The astronomical unit (AU or au or a.u. or rarely ua) is a unit of distance, approximately equal to the mean distance between Earth and Sun. The currently accepted value of the AU is 149,597,870,691 ± 30 metres (about 150 million kilometres or 93 million miles).
The abbreviation "ua" is recommended by the Bureau International des Poids et Mesures [1], but this is almost universally ignored. The International Astronomical Union website continues to recommend "au" [2].
Earth's orbit is not a circle but an ellipse; originally, the AU was defined as the length of the semimajor axis of said orbit. For greater precision, the International Astronomical Union in 1976 defined the AU as the distance from the Sun at which a particle of negligible mass, in an unperturbed circular orbit, would have an orbital period of 365.2568983 days (a Gaussian year). More accurately, it is the distance such that the heliocentric gravitational constant is equal to (0.017 202 098 95)˛ AUł/d˛.
At the time the AU was introduced, its actual value was very poorly known, but planetary distances in terms of AU could be determined from heliocentric geometry and Kepler's laws of planetary motion. The value of the AU was first estimated by Jean Richer and Giovanni Domenico Cassini in 1672. By measuring the parallax of Mars from two locations on the Earth, they arrived at a figure of about 140 million kilometers.
The first good measurement on the distance between Earth and the Sun was made by Eratosthenes in around 200 BC, by studying lunar eclipses, his result was 804,000,000 stadia. If we use the common attic stadion this translates to roughly 148,740,000,000 m.
A somewhat more accurate estimate can be obtained by observing the transit of Venus. This method was devised by Edmond Halley, and applied to the transits of Venus observed in 1761 and 1769, and then again in 1874 and 1882.
Another method involved determining the constant of aberration, and Simon Newcomb gave great weight to this method when deriving his widely accepted value of 8.80" for the solar parallax (close to the modern value of 8.794148").
The discovery of the nearEarth asteroid 433 Eros and its passage near the Earth in 1900–1901 allowed a considerable improvement in parallax measurement. More recently very precise measurements have been carried out by radar and by telemetry from space probes.
While the value of the astronomical unit is now known to great precision, the value of the mass of the Sun is not, because of uncertainty in the value of the gravitational constant. Because the gravitational constant is known to only five or six significant digits while the positions of the planets are known to 11 or 12 digits, calculations in celestial mechanics are typically performed in solar masses and astronomical units rather than in kilograms and kilometers. This approach makes all results dependent on the gravitational constant. A conversion to SI units would separate the results from the gravitational constant, at the cost of introducing additional uncertainty by assigning a specific value to that unknown constant.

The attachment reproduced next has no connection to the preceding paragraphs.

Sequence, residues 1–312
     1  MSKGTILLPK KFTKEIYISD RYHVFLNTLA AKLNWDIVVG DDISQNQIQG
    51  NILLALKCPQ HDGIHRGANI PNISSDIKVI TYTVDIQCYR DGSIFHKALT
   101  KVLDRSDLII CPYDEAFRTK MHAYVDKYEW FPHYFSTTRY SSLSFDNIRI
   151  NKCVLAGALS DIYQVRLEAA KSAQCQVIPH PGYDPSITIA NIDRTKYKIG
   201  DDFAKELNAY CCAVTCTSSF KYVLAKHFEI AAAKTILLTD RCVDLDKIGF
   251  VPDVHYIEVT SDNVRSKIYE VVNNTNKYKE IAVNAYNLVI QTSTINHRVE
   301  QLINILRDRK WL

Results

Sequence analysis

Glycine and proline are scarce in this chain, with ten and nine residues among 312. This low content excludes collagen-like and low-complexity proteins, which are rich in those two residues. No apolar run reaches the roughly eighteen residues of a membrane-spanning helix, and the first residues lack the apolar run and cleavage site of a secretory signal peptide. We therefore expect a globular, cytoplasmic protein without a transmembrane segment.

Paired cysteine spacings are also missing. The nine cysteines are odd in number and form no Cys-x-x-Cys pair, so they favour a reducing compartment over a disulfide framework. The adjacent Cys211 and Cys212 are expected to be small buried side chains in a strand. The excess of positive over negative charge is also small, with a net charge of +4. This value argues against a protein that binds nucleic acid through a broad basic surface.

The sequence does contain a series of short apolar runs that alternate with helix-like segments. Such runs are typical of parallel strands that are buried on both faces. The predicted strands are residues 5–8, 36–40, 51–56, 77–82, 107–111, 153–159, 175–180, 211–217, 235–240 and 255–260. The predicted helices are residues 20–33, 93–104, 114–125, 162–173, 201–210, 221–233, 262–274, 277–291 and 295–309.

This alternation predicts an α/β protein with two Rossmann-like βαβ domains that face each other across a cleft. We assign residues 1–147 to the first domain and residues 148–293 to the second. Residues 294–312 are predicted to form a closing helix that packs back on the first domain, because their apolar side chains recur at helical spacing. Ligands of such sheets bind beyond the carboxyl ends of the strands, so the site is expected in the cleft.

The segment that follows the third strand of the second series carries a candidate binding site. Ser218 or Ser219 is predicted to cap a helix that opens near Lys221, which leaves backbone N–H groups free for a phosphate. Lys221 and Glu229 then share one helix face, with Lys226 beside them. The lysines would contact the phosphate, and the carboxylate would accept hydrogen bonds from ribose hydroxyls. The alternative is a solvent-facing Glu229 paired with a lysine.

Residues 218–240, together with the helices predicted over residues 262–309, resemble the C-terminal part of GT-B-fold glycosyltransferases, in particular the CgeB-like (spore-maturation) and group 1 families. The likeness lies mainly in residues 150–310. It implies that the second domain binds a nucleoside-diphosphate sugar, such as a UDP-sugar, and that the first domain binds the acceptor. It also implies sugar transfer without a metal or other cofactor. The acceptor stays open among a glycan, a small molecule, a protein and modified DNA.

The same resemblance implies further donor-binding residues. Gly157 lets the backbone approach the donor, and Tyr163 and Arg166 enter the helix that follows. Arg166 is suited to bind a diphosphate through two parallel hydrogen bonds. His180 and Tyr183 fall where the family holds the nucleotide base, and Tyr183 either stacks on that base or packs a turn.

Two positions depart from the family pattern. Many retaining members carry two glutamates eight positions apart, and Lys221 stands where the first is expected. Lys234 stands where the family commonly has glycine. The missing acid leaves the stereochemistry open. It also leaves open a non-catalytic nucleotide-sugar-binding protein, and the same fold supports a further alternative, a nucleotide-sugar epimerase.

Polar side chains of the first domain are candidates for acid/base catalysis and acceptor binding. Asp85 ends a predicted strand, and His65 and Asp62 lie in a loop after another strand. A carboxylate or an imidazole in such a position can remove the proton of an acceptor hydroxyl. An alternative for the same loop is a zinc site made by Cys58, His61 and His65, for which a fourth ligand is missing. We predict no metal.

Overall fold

It is known that the mass of the Sun is very slowly decreasing, and therefore the orbital period of a body at a given distance is increasing. This implies that the AU is getting smaller (by about one centimetre per year) over time.
Examples
The distances are approximate mean distances. It has to be taken into consideration that the distances between celestial bodies change in time due to their orbits and other factors.
 The Earth is 1.00 ± 0.02 AU from the Sun.
 The Moon is 0.0026 ± 0.0001 AU from the Earth.

Mars is 1.52 ± 0.14 AU from the Sun.

Jupiter is 5.20 ± 0.05 AU from the Sun.

Pluto is 39.5 ± 9.8 AU from the Sun.

90377 Sedna's orbit ranges between 76 and 942 AU from the Sun; Sedna is currently (2005) about 90 AU from the Sun.
 As of February 2005, Voyager 1 (the farthest humanmade object) is 94 AU from the Sun.
 The mean diametre of the Solar system, including the Oort cloud, is ~100,000 AU.

Proxima Centauri (the nearest star) is ~268,000 AU away from the Sun.
 The mean diametre of Betelgeuse is 2.57 AU.
 The distance from the Sun to the centre of the Milky Way is ~1,700,000,000 AU.
Some conversion factors:
See also: parsec and light year, conversion of units, orders of magnitude
References
 E. Myles Standish. "Report of the IAU WGAS Subgroup on Numerical Standards". In Highlights of Astronomy, I. Appenzeller, ed. Dordrecht: Kluwer Academic Publishers, 1995. (Complete report available online: PostScript. Tables from the report also available: Astrodynamic Constants and Parameters)
 D. D. McCarthy ed., IERS Conventions (1996), IERS Technical Note 21, Observatoire de Paris, July 1996
External links
Last updated: 08072005 20:44:13
Last updated: 09122005 02:39:13